In a new video, Plantwise follows Chheng Sok Khim, a farmer growing vegetables in Kandal province, Cambodia. Ms Khim struggled to control the pests on her farm and turned to chemical pesticides, but this ended up costing her more money and negatively affected her yields and her health.
Since visiting Plantwise plant clinics, Chheng has learned about using natural methods to control pests on her farm, as well has gaining better knowledge about identifying the pests attacking her crop.
By learning how to make and apply natural fertilizers and pesticides, Chheng’s health has improved and she has managed to eradicate 95% of the pests on her land. Although, she admits that the natural method was not completely successful at first because she had to undo years of damage from chemicals.
Now, through the help of regular plant clinics, she is getting better yields, plus a better profit for her organic crop.
Cambodia is an agriculture-based country with 80% of the population living in the rural areas and relying on agriculture for supporting their livelihoods. Although there is a focus on increasing Cambodia’s crops for export, stringent rules on the limit of pesticide residue combined with farmers turning more to chemical solutions, means many growers struggle to make a profit and manage their farms.
The indiscriminate and overuse of pesticides – due to lack of knowledge among farmers, workers, and the public – also causes environmental contamination, human health hazards, and the disruption of agro-ecosystems.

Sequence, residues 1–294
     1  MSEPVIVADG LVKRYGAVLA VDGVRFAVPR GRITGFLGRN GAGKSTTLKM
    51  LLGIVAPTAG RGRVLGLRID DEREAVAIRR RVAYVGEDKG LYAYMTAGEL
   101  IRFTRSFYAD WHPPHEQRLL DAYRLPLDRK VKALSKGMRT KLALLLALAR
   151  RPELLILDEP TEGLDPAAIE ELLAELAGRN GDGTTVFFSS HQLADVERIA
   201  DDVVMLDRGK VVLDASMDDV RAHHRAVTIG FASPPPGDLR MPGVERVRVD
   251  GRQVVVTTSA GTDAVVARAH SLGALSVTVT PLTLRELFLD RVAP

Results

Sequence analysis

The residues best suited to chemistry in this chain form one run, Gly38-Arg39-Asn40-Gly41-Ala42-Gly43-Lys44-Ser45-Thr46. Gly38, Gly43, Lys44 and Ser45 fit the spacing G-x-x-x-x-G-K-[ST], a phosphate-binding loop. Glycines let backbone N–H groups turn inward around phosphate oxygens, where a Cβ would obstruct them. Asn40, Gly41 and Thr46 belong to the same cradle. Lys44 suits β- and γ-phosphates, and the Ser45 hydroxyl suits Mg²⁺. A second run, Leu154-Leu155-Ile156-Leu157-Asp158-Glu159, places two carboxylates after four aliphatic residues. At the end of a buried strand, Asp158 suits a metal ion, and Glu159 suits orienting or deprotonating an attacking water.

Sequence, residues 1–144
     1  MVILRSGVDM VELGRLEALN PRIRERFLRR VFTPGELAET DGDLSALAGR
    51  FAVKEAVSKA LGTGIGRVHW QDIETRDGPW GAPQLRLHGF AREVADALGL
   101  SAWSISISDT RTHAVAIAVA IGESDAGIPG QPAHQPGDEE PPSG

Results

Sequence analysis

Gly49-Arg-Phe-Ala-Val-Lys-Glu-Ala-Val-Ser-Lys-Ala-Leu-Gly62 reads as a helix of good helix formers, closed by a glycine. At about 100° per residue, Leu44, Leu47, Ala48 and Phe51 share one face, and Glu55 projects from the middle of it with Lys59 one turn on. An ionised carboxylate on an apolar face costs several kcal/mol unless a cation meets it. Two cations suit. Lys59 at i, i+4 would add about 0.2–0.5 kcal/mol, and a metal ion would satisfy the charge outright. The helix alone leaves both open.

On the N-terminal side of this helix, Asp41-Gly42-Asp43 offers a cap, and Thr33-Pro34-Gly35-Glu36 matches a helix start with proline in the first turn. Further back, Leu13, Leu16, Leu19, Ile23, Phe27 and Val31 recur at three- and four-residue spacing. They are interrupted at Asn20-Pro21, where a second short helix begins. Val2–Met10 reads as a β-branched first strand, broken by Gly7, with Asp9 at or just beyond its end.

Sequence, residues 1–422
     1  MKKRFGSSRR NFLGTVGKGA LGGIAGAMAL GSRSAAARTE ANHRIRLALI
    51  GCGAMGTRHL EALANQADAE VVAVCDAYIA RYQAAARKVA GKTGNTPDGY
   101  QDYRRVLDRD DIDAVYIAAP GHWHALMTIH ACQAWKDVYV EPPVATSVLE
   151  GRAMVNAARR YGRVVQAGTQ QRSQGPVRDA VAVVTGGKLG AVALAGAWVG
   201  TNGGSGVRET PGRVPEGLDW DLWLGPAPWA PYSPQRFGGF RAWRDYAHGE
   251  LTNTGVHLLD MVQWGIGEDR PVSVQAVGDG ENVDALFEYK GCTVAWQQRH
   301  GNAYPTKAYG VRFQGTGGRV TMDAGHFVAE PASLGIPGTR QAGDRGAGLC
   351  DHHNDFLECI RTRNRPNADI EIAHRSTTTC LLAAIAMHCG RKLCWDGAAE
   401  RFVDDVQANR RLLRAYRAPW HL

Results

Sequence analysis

At its outset in the country, plant clinics were established in areas identified as ‘hotspots’ for pest and disease outbreaks and for indiscriminate pesticide use. Now Plantwise has established a plant clinic network throughout Cambodia, helping farmers just like Chheng.
With a changing climate, pesticide resistance, and the threat of invasive species, managing a farm is challenging for the world’s 500 million smallholder farmers. Plantwise advocates integrated pest management to educate farmers on the safe and sustainable alternatives to chemicals, helping to build their resilience to climate shocks and support them in growing safer and more nutritious food.
All photos ©Enric Catala Contreras for CABI
CABI gratefully acknowledges the financial support of the UK Foreign, Commonwealth & Development Office (FCDO), the Swiss Agency for Development and Cooperation (SDC), the Directorate General for International Cooperation (DGIS, Netherlands), the International Fund for Agricultural Development (IFAD), the Australian Centre for International Agricultural Research (ACIAR), and the Chinese Ministry of Agriculture and Rural Affairs for the Plantwise programme.
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